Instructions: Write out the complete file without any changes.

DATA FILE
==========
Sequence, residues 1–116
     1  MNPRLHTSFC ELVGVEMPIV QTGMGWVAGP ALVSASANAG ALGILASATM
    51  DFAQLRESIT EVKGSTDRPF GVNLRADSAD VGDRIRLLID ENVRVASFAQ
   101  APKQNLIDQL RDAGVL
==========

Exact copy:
Sequence, residues 1–116
     1  MNPRLHTSFC ELVGVEMPIV QTGMGWVAGP ALVSASANAG ALGILASATM
    51  DFAQLRESIT EVKGSTDRPF GVNLRADSAD VGDRIRLLID ENVRVASFAQ
   101  APKQNLIDQL RDAGVL